newyorksubalien has evolved. New city, new life, new blog

newyorksubalien has evolved. New city, new life, new blog.

Yes, I’m still socially-insecure and still deemed too primitive a life form for a bank account. I still can’t say ‘water’ correctly and voice-recognition software still doesn’t understand my number 8.

Meanwhile Superalien is still as super (at least in my eyes), Male Mini-Me is taller than all of us and Mini-Mum has returned to the home of the Mini, only popping back from London to sleep, be fed and help balance out testosterone levels.

But in my new home of Chicago, I can at least lay claim to my own subgroup. I’m now Chi-rish as in Chicago Irish. Apparently the hyphen is important so as not to be confused with Chinese Irish or the town in Armenia. But I’m trusting my readers not to be churlish and to forgive these, my (hyphen-less) Chirish chatters…..

Friday, November 22, 2013

Did you hear the one about the turkey and the menorah?

I come from the wee corner of the Green Island not known for its integration and cultural togetherness. So I can only turn green with envy observing the preparations for a once-in-a-lifetime event about to be celebrated across this much larger island.

Next week is Thanksgiving, that most sacred of secular holidays in America, when the current natives, no matter their religion, commemorate the dinner enjoyed by the settlers and the then Native Americans after the pilgrims’ first successful harvest.

Thanksgiving is always observed on the last Thursday in November. But what makes this year’s holiday so unique is that November 28 is also the first full day of the Jewish holiday of Hanukkah, the Festival of Lights.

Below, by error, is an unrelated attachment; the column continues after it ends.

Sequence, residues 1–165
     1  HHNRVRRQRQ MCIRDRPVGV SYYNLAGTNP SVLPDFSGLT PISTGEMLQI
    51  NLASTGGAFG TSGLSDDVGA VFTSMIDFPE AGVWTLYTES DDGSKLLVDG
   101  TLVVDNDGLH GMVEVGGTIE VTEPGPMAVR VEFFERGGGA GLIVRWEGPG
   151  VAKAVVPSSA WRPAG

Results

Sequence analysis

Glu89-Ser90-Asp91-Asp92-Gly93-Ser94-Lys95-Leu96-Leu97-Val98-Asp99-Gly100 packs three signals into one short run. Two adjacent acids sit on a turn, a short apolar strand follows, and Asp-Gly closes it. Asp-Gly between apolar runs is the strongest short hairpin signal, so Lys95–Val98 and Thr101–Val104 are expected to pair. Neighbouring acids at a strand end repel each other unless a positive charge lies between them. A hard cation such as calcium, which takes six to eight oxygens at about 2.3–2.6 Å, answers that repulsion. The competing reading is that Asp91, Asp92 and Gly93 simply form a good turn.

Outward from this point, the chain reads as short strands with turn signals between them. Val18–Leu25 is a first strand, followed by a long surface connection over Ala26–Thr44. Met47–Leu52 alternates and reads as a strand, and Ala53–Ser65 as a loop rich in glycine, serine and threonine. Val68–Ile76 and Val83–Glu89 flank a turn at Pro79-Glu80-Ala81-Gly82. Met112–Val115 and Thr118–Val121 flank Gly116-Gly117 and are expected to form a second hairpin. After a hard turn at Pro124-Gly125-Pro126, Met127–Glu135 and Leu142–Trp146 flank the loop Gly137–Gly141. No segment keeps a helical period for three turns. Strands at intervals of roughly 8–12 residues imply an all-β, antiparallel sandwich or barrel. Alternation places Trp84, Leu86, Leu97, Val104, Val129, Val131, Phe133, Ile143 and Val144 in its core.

Never slow to come up with new names for cultural “mash-ups”, this year’s festivities have swiftly been dubbed Thanksgivukkah. And given both celebrations focus heavily on eating, not surprisingly there’s no shortage of extra-special, cross-cultural delicacies on offer such as turkey-shaped challah bread, sweet potato latkes and pumpkin spice donuts.

One of my favourite collaborations is the menurkey, the brain-child of an actual child, who thought up the idea of combining the Hanukkah menorah, the 9-branched candlestick integral to the Festival of Lights celebrations, with - you guessed it - the turkey.

I’ve seen various versions of when Thanksgivukkah was last celebrated and when it will next appear on the (two) calendar(s). But given the most recent past occurrences are put in the late 1800s and those in the future plotted around the 78,000s (yes, you read correctly), I think it is fair to call this year's joint festivities a once-in-a-lifetime event.

And while not quite once-in-a-lifetime, next week’s holiday is also notable in that it is one of the latest Thanksgivings possible, falling on the 28th. This has less of an impact on the big day itself than on the even bigger day after that – Black Friday. 

This, as you may well know, marks the start of flash sales, lasting up to 72 hours, designed to kick start the present-buying bonanza ahead of Christmas. Except that this year, the late Thanksgiving has robbed retailers of 6 potential days of revenue, making it the shortest pre-Christmas run-up in 11 years. The result is an Inbox inundated daily with sneak peaks, hush-hush previews, Countdown to Black Friday daily deals and the outright blatant “Black Friday starts this Monday”.

I'm a little relieved however the earlier start to the Black Friday activities doesn't seem to have extended to the associated "Blackout" Wednesday goings-on. 

The latter refers to the night before Thanksgiving when everyone home for the big day hits the local bars, figuratively that is (usually). Here in Chirish-land, Blackout Wednesday is apparently a bigger party night than New Year's and even St Patrick's Day. From Turkey Crawls to Very Special Black Wednesday goth nights, the options for revelers are endless - or at least until they have to turn up for the turkey dinner itself. The down-side is that Black Wednesday is rapidly becoming the biggest night of the year for drink-driving arrests and incidents, not only in Chicago but nationwide. 

So on the eve of this extraordinary cross-cultural family holiday, I'd like to add my own humble wish - don't be a turkey and leave the mash-ups to the sweet potatoes. Happy Thanks-give-up-car!